For the six months ended June 30 1998 1997 ---------- ---------- Cash Flows from Operating Activities Net income $ 77,363 $ 96,832 Adjustments to reconcile net income to net cash provided by operating activities Depreciation and decommissioning 376,897 161,128 Amortization of deferred charges and other assets 4,559 3,231 Amortization of deferred credits and other liabilities (2,361) (2,129) Allowance for equity funds used during construction (1,918) (2,869) Deferred income taxes and investment tax credits (53,702) 115 Application of balancing accounts to stranded costs (86,000) -- Other - net (34,713) (3,971) Net changes in working capital components Accounts and notes receivable (88,174) (37,443) Inventories 1,099 5,555 Other current assets 12,472 1,140 Interest accrued (1,449) (574) Taxes accrued 65,133 59,812 Accounts payable and other current liabilities (39,996) (47,551) Regulatory balancing accounts (69,098) 33,194 ---------- ---------- Net cash provided by operating activities 160,112 266,470 ---------- ---------- Cash Flows from Financing Activities Dividends paid (136,195) (94,256) Special dividend paid -- (66,150) Payment on long-term debt (181,994) (37,500) Increase in short-term debt 8,400 1,000 ---------- ---------- Net cash used by financing activities (309,789) (196,906) ---------- ---------- Cash Flows from Investing Activities Expenditures for utility plant (100,647) (84,979) Contributions to decommissioning funds (11,016) (11,016) Other - net (987) (5,666) ---------- ---------- Net cash used in investing activities (112,650) (101,661) ---------- ---------- Net decrease in cash and cash equivalents (262,327) (32,097) Cash and cash equivalents, beginning of period 536,050 81,409 ---------- ---------- Cash and cash equivalents, end of period $273,723 $ 49,312 ========== ========== Supplemental Disclosure of Cash Flow Information Income tax payments, net of refunds $ 48,619 $ 40,650 ========== ========== Interest payments, net of amounts capitalized $ 60,684 $ 44,614 ========== ========== Supplemental Schedule of Noncash Activities Dividend to Parent of Intercompany Receivable $100,000 $ -- ========== ========== See notes to consolidated financial statements.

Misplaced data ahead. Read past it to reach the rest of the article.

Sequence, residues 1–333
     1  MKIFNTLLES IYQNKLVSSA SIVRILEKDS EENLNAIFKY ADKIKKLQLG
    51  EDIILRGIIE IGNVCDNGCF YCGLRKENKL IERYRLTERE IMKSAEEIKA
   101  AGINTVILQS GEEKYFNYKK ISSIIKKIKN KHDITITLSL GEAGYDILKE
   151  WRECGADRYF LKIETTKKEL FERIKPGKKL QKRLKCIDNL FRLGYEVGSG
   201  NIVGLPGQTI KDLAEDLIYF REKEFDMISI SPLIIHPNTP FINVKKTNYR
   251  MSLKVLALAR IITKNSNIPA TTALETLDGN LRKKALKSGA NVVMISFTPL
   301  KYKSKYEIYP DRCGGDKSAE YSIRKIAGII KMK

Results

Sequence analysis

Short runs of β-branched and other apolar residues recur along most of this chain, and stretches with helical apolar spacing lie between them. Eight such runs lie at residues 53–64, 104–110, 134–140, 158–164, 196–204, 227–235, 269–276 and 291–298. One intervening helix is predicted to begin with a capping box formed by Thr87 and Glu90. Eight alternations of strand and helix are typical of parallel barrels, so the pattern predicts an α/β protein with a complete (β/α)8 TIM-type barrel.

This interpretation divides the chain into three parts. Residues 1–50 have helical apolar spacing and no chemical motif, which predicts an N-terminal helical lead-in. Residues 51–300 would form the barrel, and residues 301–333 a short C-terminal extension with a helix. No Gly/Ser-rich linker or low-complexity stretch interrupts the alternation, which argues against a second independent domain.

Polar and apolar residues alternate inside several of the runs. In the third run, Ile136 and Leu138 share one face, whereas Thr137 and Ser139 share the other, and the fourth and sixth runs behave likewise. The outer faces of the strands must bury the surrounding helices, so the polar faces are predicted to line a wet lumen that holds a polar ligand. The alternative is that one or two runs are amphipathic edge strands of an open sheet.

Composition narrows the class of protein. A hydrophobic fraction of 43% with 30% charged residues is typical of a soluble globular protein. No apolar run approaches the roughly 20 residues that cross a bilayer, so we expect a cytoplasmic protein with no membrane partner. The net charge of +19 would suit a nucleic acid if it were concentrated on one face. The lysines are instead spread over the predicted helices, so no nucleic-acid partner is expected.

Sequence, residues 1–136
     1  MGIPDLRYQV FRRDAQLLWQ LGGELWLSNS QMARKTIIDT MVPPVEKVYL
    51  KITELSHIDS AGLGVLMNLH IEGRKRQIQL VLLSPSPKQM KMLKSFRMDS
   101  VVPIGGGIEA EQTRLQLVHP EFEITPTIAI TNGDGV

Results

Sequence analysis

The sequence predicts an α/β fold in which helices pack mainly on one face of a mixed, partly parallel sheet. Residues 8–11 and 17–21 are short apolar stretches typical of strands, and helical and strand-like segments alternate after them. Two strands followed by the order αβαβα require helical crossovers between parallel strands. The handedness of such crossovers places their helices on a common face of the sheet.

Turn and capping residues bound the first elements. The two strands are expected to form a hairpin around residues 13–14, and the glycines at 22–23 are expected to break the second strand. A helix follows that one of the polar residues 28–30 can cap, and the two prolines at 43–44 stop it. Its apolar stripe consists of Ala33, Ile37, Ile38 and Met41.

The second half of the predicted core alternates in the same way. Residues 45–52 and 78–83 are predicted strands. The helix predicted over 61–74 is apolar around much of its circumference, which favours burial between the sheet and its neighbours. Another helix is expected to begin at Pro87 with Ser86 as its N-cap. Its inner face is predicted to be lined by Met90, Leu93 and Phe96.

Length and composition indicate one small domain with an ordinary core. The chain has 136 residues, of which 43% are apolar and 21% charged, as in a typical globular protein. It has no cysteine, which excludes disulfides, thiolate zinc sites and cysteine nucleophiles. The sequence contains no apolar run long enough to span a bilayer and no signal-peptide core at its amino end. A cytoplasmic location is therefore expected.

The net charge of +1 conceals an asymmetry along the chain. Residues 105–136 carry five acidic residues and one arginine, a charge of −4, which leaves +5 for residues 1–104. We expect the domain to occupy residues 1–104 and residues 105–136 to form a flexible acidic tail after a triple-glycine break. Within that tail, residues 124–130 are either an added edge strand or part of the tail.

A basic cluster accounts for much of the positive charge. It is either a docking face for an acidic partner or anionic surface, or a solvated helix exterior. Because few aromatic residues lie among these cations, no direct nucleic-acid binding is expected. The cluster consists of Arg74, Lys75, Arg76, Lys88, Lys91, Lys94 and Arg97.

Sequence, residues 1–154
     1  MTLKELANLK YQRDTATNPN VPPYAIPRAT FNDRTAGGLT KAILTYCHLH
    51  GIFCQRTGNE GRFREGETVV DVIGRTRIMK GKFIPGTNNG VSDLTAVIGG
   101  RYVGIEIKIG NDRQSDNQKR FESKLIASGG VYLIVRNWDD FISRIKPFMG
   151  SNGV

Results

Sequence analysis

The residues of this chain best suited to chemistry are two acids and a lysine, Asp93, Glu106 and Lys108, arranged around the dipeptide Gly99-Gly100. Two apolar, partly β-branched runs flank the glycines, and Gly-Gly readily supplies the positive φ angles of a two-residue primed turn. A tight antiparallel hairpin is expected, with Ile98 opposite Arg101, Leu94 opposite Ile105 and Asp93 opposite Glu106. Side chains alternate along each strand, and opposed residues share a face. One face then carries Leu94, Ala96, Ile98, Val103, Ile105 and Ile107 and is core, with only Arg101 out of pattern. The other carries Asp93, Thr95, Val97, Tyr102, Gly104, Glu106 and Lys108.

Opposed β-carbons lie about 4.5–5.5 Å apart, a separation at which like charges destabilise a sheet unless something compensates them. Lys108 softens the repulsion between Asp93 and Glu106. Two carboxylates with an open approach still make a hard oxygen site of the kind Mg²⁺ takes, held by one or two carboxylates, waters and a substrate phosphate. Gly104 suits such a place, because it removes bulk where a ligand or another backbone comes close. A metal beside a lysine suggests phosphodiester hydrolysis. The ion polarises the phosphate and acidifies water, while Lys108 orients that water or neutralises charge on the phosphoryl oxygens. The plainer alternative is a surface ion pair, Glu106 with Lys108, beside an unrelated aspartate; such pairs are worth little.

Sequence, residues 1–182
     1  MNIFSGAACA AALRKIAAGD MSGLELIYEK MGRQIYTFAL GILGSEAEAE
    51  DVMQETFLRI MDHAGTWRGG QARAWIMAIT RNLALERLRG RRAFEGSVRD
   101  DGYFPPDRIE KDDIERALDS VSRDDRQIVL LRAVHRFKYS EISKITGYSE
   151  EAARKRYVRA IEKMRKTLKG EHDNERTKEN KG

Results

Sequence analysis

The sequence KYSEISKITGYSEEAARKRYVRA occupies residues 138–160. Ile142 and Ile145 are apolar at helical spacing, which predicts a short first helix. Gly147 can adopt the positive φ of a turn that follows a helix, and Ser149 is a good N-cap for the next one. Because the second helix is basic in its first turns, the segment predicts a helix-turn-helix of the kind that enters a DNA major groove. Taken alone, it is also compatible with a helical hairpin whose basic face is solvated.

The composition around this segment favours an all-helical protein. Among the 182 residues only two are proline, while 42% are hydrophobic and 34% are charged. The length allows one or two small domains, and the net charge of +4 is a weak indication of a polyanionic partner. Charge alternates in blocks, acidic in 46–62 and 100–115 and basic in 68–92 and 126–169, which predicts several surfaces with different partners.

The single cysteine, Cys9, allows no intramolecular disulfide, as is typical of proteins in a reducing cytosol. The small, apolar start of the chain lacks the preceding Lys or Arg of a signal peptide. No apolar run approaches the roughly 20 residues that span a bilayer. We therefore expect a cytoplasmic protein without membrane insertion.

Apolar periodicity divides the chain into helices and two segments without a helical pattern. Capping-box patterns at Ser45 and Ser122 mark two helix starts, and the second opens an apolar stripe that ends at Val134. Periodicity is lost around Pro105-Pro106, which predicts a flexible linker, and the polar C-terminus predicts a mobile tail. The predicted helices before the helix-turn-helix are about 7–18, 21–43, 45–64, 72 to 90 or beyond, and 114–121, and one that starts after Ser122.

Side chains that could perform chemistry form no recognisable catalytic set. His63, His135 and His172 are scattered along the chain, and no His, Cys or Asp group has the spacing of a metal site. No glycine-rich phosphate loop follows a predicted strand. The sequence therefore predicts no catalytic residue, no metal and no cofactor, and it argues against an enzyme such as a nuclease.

PAGE 5 SAN DIEGO GAS & ELECTRIC COMPANY AND SUBSIDIARY NOTES TO CONSOLIDATED FINANCIAL STATEMENTS (Unaudited) 1. GENERAL This Quarterly Report on Form 10-Q is a filing of San Diego Gas & Electric Company (SDG&E), a wholly owned subsidiary of Enova Corporation (Enova). The financial statements presented herein represent the consolidated statements of SDG&E and its subsidiary, SDG&E Funding LLC. The accompanying consolidated financial statements have been prepared in accordance with the interim-reporting requirements of Form 10-Q. This quarterly report should be read in conjunction with SDG&E's 1997 Annual Report on Form 10-K which includes the financial statements and notes thereto, its Quarterly Report on Form 10-Q for the three months ended March 31, 1998, and the Current Report on Form 8-K filed by Sempra Energy (Commission no. 1-14201) with the Securities and Exchange Commission on June 30, 1998 in connection with the completion of the business combination of Pacific Enterprises and Enova Corporation. Results of operations for interim periods are not necessarily indicative of results for the entire year. In the opinion of management, the accompanying statements reflect all adjustments necessary for a fair presentation. These adjustments are of a normal recurring nature. Certain changes in account classification have been made to prior presentations to conform to the current financial statement presentation. SDG&E has been accounting for the economic effects of regulation on all of its utility operations in accordance with SFAS No. 71, "Accounting for the Effects of Certain Types of Regulation," as described in the notes to consolidated financial statements in SDG&E's Annual Report to Shareholders. SDG&E has ceased the application of SFAS No. 71 to its generation business, in accordance with the conclusion of the Financial Accounting Standards Board that the application of SFAS No. 71 should be discontinued when legislation is issued that determines that a portion of an entity's business will no longer be regulated. The discontinuance of SFAS No. 71 has not resulted in a write-off of SDG&E's generation assets, since the California Public Utilities Commission (CPUC) has approved the recovery of the stranded costs related to these assets by the distribution portion of its business, via the competition transition charge described in Note 4, subject to the rate cap. (See further discussion in Note 4.) The new revenue and expense captions on the Consolidated Statements of Income (both entitled "PX/ISO Power") relate to the new regulatory requirements concerning the way power is purchased by and sold by the distribution and generation, respectively, operations of SDG&E. This is discussed in Note 4. 2. BUSINESS COMBINATION On June 26, 1998(pursuant to an October 1996 agreement), Enova and Pacific Enterprises(PE) combined the two companies into a new company named Sempra Energy. As a result of the combination, (i) each outstanding share of common stock of Enova was converted into one share of common stock of Sempra Energy, (ii) each outstanding share of common stock of PE was converted into 1.5038 shares of common stock of Sempra Energy and (iii) the preferred stock and/or preference stock of SDG&E; PE; and PE's principal subsidiary, Southern California Gas Company (SoCalGas) remain outstanding. Additional information on the business combination is discussed in the Current Report on Form 8-K filed by Sempra Energy (Commission no. 1-14201) on June 30, 1998 and incorporated herein by reference. Expenses incurred in connection with the business combination are $29 million and $4 million, after-tax, for the six-month period PAGE 6 ended June 30, 1998 and 1997, respectively. These costs consist primarily of employee-related costs, and investment banking, legal, regulatory and consulting fees. 3. COMPREHENSIVE INCOME In conformity with generally accepted accounting principles, SDG&E has adopted Statement of Financial Accounting Standards No. 130, "Reporting Comprehensive Income." Comprehensive income for the three-month and the six-month periods ended June 30, 1998 and 1997 was equal to net income. 4. MATERIAL CONTINGENCIES ELECTRIC INDUSTRY RESTRUCTURING -- CALIFORNIA PUBLIC UTILITIES COMMISSION In September 1996 the State of California enacted a law restructuring California's electric utility industry (AB 1890). The legislation adopts the December 1995 CPUC policy decision that restructures the industry to stimulate competition and reduce rates. Beginning on March 31, 1998, customers were given the opportunity to choose to continue to purchase their electricity from the local utility under regulated tariffs, to enter into contracts with other energy service providers or buy their power from the independent Power Exchange (PX) that serves as a wholesale power pool allowing all energy producers to participate competitively. The PX obtains its power from qualifying facilities, nuclear units and, lastly, from the lowest-bidding suppliers. The California investor-owned utilities (IOUs) are obligated to bid their power supply, including owned generation and purchased-power contracts, into the PX. An Independent System Operator (ISO) schedules power transactions and access to the transmission system. The local utility continues to provide distribution service regardless of which source the customer chooses. The IOUs have been given a reasonable opportunity to recover their stranded costs via a competition transition charge (CTC) to customers through December 31, 2001. Excluding the costs of purchased power and other costs whose recovery is not limited to the pre-2002 period, the balance of stranded assets at June 30, 1998 is $800 million, consisting of $600 million for the power plants (see the following paragraph) and $200 million of related deferred taxes and undercollections. During the 1998-2001 period, recovery of transition costs is limited by the rate cap (discussed below). Generation plant additions made after December 20, 1995 are not eligible for transition cost recovery. Instead, each utility must file a separate application seeking a reasonableness review thereof. The CPUC has approved an agreement between SDG&E and the CPUC's Office of Ratepayer Advocates for the recovery of $13.6 million of SDG&E's $14.5 million in 1996 capital additions for the Encina and South Bay power plants. In addition, in August 1998 SDG&E submitted an application to the CPUC seeking recovery of $21.7 million in capital additions for 1997 and the first three months of 1998. In November 1997 SDG&E announced a plan to auction its power plants and other generation assets. This plan includes the divestiture of SDG&E's fossil power plants and combustion turbines, its 20-percent interest in San Onofre Nuclear Generating Station (SONGS) and its portfolio of long-term purchased-power contracts. The power plants have a net book value as of June 30, 1998 of $600 million ($200 million for fossil and $400 million for SONGS). The proceeds from the auction will be applied directly to SDG&E's transition costs. SDG&E has proposed to the CPUC that the sale of its fossil plants be completed by the end of 1998. Management believes that the rates within the rate cap and the proceeds from the sale of electric- generating assets will be sufficient to recover all of SDG&E's approved transition costs by December 31, 2001, not including the PAGE 7 post-2001 purchased-power contract payments that may be recovered after 2001 (see discussion above). However, if the proceeds from the sale of the power plants are less than expected or if generation costs, principally fuel costs, are greater than anticipated, SDG&E may be unable to recover all of its approved transition costs. This would result in a charge against earnings at the time it becomes probable that SDG&E will be unable to recover all of the transition costs. AB 1890 requires a 10-percent reduction of residential and small commercial customers' rates beginning in January 1998. AB 1890 provided for the issuance of rate-reduction bonds by an agency of the State of California to enable the IOUs to achieve this rate reduction. In December 1997 $658 million of rate-reduction bonds were issued on SDG&E's behalf at an average interest rate of 6.26 percent. These bonds are being repaid over 10 years by SDG&E's residential and small commercial customers via a non-bypassable charge on their electric bills. In 1997 SDG&E formed a subsidiary, SDG&E Funding LLC, to facilitate the issuance of the bonds. In exchange for the bond proceeds, SDG&E sold to SDG&E Funding LLC all of its rights to revenue streams collected from such customers. Consequently, the transaction is structured to cause such revenue streams not to be the property of SDG&E nor to be available to satisfy any claims of SDG&E's creditors. In June 1998 a coalition of consumer groups received verification that its electric restructuring ballot initiative received the needed signatures to qualify for the November 1998 California ballot. The initiative seeks to amend or repeal AB 1890 in various respects, including requiring utilities to provide a 10-percent reduction in electricity rates charged to residential and small commercial customers in addition to the 10-percent rate reduction that became effective on January 1, 1998. Among other things, the initiative would require that this rate reduction be achieved through the elimination or reduction of CTC payments and prohibit the collection of the charge on customer bills that would finance the rate reduction. In May 1998 a statewide coalition of California's investor-owned electric utilities and business groups known as "Californians for Affordable and Reliable Electric Services" (CARES) filed a lawsuit with the Third District Court of Appeal to block the initiative. In July 1998 the Third District Court of Appeal issued a one-sentence order refusing to grant review of the lawsuit prior to the November balloting, the CARES coalition filed a petition in the California Supreme Court seeking to overturn the Third District Court of Appeal's denial, and that court rejected the CARES petition. Such ruling did not represent a ruling on the merits of the arguments presented; rather, the ruling was a decision by the court not to consider the merits of the petition prior to the November balloting. SDG&E cannot predict the outcome on the vote of the initiative; and the effect of the initiative on SDG&E's business, if passed by the voters, could be uncertain for some time. If the initiative were to be upheld by the courts in whole or in part, it could have a material adverse effect on SDG&E's results of operations and financial position. Upon voter approval of the initiative, a write-down of a portion of SDG&E's generation-related assets might be required under applicable accounting principles, depending on SDG&E's assessment of both the probability that the initiative would be determined to be invalid, in whole or in substantial part, through litigation and the manner in which the initiative or such part as remains in effect as of a final judgment would be interpreted and applied to SDG&E. If the most onerous interpretations of the initiative's provisions are applied, and it is assumed that SDG&E's nuclear- generation facilities have zero market value and that SDG&E's fossil-generation assets have a market value equal to their carrying amounts, the potential write-down of SDG&E's generation- related assets could amount to as much as approximately $400 million after taxes. In addition, the annual after-tax earnings reductions could be as large as approximately $50 million in 1999, followed by declining amounts for some years thereafter. PAGE 8 AB 1890 includes a rate freeze for all customers. Until the earlier of March 31, 2002, or when transition cost recovery is complete, SDG&E's system average rate will be frozen at the June 10, 1996 levels of 9.64 cents per kilowatt-hour (kwh), except for the impact of certain fuel cost changes and the 10-percent rate reduction described above. Beginning in 1998 rates were fixed at 9.43 cents per kwh, which includes the maximum-permitted increase related to fuel cost increases and the mandatory rate reduction. INDUSTRY RESTRUCTURING -- FEDERAL ENERGY REGULATORY COMMISSION In October 1997 the FERC approved key elements of the California IOUs' restructuring proposal. This included the transfer by the IOUs of the operational control of their transmission facilities to the ISO, which is under FERC jurisdiction. The FERC also approved the establishment of the California PX to operate as an independent wholesale power pool. The IOUs pay to the PX an up-front restructuring charge (in four annual installments) and an administrative-usage charge for each megawatt-hour of volume transacted. SDG&E's share of the restructuring charge is approximately $10 million, which is being recovered as a transition cost. The IOUs have jointly guaranteed $300 million of commercial loans to the ISO and PX for their development and initial start-up. SDG&E's share of the guarantee is $30 million. In July 1998, based on a settlement with the FERC and CPUC staffs, SDG&E filed its transmission revenue requirements of $104 million with the FERC. A FERC decision is expected in the fourth quarter of 1998. SDG&E is in discussions with the staffs of the FERC, CPUC and ISO to determine SDG&E's revenue-requirements for its "must run" generating plants. Excluding the cost of fuel, generation revenue requirements will be frozen for four years (even after SDG&E divests its fossil generation). Major capital additions to the plants during this period will be allowed by the ISO through separate filings with the FERC. NUCLEAR INSURANCE SDG&E and the co-owners of the San Onofre units have purchased primary insurance of $200 million, the maximum amount available, for public liability claims. An additional $8.7 billion of coverage is provided by secondary financial protection required by the Nuclear Regulatory Commission and provides for loss sharing among utilities owning nuclear reactors if a costly accident occurs. SDG&E could be assessed retrospective premium adjustments of up to $32 million in the event of a nuclear incident involving any of the licensed, commercial reactors in the United States, if the amount of the loss exceeds $200 million. In the event the public-liability limit stated above is insufficient, the Price-Anderson Act provides for Congress to enact further revenue-raising measures to pay claims, which could include an additional assessment on all licensed reactor operators. Insurance coverage is provided for up to $2.75 billion of property damage and decontamination liability. Coverage is also provided for the cost of replacement power, which includes indemnity payments for up to three years, after a waiting period of 17 weeks. Coverage is provided through mutual insurance companies owned by utilities with nuclear facilities. If losses at any of the nuclear facilities covered by the risk-sharing arrangements were to exceed the accumulated funds available from these insurance programs, SDG&E could be assessed retrospective premium adjustments of up to $6 million. CANADIAN GAS SDG&E has long-term pipeline capacity commitments related to its contracts for Canadian natural-gas supplies. Certain of these supply contracts are in litigation, while others have been settled. PAGE 9 If the supply of Canadian natural gas to SDG&E is not resumed to a level approximating the related committed long-term pipeline capacity, SDG&E intends to continue using the capacity in other ways, including the release of a portion of this capacity to third parties and the transport of replacement gas. ITEM 2. SAN DIEGO GAS & ELECTRIC COMPANY MANAGEMENT'S DISCUSSION AND ANALYSIS OF FINANCIAL CONDITION AND RESULTS OF OPERATIONS The following discussion should be read in conjunction with the financial statements contained in this Form 10-Q and Management's Discussion and Analysis of Financial Condition and Results of Operations contained in SDG&E's 1997 Form 10-K. INFORMATION REGARDING FORWARD-LOOKING STATEMENTS The following discussion includes forward-looking statements within the definition of Section 27A of the Securities Act of 1933 and Section 21E of the Securities Exchange Act of 1934. The words "estimates", "believes", "expects", "anticipates", "plans" and "intends," variations of such words, and similar expressions are intended to identify forward-looking statements that involve risks and uncertainties. These statements are necessarily based upon various assumptions involving judgments with respect to the future including, among others, national, regional and local economic, competitive and regulatory conditions, technological developments, inflation rates, interest rates, energy markets, weather conditions, business and regulatory or legal decisions, and other uncertainties, all of which are difficult to predict and many of which are beyond the control of the Company. Accordingly, while the Company believes that the assumptions are reasonable, there can be no assurance that they will approximate actual experience, or that the expectations will be realized. RESULTS OF OPERATIONS The following discussions reflect the results for the three-month and six-month periods ended June 30, 1998 compared to the corresponding periods in 1997: NET INCOME The decreases in earnings in 1998 are primarily due to business combination costs, partially offset by the favorable resolution of income-tax matters and rewards reflecting SDG&E's performance under the Gas Procurement Performance-Based Ratemaking (PBR) mechanism. PAGE 10 UTILITY OPERATIONS Electric Sales